SQL Azure Federations and the Entity Framework


The information in this post is out of date.

Visit msdn.com/data/ef for the latest information on current and past releases of EF.

For using SQL Azure with EF see http://msdn.com/data/jj556244


The recent SQL Azure Q4 2011 Service Release includes the new feature SQL Azure Federations which enables greater scalability and performance from the database tier of your application through horizontal partitioning. One or more tables within a database are split by row and partitioned across multiple databases (Federation members). This type of horizontal partitioning is often referred to as ‘sharding’. Detailed information on the SQL Azure Federations feature is available here.

The current release of Entity Framework can be used to work with SQL Azure Federations, however a federated database cannot be created by the Entity Framework. Our Customer Advisory Team has started a series of blog posts with the goal of providing guidance around common scenarios and issues that arise when using the Entity Framework with SQL Azure Federations.

The first blog post in this series, SQL Azure Federations with Entity Framework Code-First, is a great getting started guide. It explains the correct procedure to submit the USE FEDERATION statement before sending queries to the database via the Entity Framework (query execution or update operations).

The next post, Understanding SQL Azure Federations No-MARS Support and Entity Framework, explains the impact of the lack of support for MARS on Entity Framework applications.

We are working with the Customer Advisory Team to continue adding posts to this series. While these blog posts provide concrete scenarios detailed walkthroughs and code samples, here are some general guidelines/considerations:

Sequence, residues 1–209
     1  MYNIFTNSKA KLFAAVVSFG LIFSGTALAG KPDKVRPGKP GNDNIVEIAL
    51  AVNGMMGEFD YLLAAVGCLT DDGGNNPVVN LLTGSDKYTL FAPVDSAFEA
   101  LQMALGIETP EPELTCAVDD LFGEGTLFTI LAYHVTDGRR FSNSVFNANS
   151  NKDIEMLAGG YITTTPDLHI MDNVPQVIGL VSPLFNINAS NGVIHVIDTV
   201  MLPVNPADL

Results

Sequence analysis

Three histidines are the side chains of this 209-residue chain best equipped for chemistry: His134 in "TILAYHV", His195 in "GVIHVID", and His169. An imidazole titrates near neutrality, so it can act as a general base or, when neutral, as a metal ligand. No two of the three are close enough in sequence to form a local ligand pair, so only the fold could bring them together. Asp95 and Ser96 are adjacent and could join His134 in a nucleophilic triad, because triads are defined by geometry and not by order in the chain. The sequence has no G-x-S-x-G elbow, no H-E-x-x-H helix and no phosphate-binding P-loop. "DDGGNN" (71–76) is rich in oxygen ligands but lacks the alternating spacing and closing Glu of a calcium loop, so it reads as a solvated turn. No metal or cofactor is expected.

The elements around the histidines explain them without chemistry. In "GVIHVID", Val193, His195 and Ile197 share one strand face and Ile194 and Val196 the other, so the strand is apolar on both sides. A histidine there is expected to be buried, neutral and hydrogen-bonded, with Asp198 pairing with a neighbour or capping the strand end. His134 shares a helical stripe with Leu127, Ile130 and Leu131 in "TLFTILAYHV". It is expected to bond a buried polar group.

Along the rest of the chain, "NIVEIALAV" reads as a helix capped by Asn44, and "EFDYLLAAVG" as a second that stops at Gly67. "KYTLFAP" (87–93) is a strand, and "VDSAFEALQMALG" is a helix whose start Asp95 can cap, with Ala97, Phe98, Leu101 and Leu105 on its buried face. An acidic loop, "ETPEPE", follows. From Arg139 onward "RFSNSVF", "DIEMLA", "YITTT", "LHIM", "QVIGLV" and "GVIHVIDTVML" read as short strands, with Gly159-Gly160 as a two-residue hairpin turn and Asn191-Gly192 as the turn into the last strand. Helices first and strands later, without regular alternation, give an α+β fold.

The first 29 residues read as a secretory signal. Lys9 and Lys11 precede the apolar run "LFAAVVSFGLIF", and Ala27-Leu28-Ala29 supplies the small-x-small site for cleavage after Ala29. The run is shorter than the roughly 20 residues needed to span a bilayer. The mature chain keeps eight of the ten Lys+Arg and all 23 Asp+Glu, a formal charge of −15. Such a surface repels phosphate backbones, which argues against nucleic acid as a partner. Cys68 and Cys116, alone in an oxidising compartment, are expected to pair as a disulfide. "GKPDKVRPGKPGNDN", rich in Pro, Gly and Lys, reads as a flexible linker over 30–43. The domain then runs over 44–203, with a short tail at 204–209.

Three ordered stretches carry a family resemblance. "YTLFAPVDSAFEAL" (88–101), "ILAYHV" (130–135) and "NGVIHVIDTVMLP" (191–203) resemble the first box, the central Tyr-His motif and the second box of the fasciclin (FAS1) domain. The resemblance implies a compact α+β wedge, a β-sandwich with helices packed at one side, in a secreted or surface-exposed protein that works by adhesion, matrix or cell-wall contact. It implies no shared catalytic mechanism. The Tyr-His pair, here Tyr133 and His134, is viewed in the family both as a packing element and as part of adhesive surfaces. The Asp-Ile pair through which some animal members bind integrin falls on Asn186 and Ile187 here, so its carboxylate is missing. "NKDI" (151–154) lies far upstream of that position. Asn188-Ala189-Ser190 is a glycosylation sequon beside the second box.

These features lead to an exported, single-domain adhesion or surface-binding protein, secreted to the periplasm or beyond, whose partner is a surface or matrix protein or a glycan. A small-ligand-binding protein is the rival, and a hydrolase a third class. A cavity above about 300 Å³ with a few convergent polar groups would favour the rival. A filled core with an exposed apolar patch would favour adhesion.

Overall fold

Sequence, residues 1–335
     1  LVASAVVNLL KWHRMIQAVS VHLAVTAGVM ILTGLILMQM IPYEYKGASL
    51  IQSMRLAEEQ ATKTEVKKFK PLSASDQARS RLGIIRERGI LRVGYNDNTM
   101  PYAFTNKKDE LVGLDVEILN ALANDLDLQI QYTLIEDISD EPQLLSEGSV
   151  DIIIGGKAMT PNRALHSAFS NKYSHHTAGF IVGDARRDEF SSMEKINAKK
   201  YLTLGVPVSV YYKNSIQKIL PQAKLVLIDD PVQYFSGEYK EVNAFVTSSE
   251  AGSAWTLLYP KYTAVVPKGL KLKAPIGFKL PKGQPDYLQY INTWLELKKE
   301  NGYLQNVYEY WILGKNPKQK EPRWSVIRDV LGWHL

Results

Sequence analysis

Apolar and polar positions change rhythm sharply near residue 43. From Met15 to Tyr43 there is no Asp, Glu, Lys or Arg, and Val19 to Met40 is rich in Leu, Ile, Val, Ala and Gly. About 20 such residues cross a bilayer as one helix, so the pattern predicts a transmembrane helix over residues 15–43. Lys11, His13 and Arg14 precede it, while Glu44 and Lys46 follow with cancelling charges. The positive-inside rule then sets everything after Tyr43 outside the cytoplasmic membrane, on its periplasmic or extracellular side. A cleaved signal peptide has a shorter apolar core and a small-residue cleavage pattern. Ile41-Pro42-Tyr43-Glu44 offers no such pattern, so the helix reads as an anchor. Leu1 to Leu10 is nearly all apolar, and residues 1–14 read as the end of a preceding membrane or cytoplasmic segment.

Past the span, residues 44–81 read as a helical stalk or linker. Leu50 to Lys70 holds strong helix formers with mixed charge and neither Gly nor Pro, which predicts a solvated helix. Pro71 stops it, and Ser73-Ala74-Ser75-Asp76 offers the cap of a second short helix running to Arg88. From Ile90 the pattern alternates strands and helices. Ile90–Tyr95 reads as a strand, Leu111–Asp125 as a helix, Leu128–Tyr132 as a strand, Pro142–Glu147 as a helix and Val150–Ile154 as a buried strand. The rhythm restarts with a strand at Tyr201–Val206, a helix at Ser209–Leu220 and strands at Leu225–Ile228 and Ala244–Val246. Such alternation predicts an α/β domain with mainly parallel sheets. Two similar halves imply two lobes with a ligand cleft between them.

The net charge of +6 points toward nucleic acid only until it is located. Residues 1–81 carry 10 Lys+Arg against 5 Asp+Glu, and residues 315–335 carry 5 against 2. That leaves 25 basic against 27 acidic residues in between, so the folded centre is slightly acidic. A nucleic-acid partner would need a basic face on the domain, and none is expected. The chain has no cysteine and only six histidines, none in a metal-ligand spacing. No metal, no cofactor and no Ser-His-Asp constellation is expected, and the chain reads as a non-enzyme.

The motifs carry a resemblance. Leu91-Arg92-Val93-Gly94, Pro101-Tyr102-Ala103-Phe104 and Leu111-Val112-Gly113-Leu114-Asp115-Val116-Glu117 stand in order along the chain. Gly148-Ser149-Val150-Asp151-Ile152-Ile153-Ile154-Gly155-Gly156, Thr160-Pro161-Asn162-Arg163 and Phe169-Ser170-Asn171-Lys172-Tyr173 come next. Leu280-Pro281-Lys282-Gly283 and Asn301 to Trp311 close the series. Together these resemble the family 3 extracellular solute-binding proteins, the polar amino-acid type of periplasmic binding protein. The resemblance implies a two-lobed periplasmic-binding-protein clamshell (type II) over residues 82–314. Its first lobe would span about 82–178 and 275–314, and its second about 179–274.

• The Entity Framework based application needs to be aware and manage the access to the different federation members. What this means is that the application would have to explicitly open the store connection with which the context is associated and issue the “USE FEDERATION” statement to connect to the correct federation member before interacting with the database via the Entity Framework.
  • Any needed database transaction would have to be started after the “USE FEDERATION” statement is issued. This is because federated databases do not support the “USE FEDERATION” statement in a transaction.
  • Any connection retries would also need to be handled by the application.
  • Instances of the context class should not span across federation members. In general, this also means that all changes managed by the context should be associated with a single federation member. This is because at the time SaveChanges is invoked, it would issue the corresponding database data modification operations only to the federation member to which the associated store connection currently points.

In the future, our plan is to provide more integrated support for SQL Azure Federations. We would love to hear your experiences on using the Entity Framework with federated databases as well as your suggestions on how we can improve it.

ADO.NET Entity Framework Team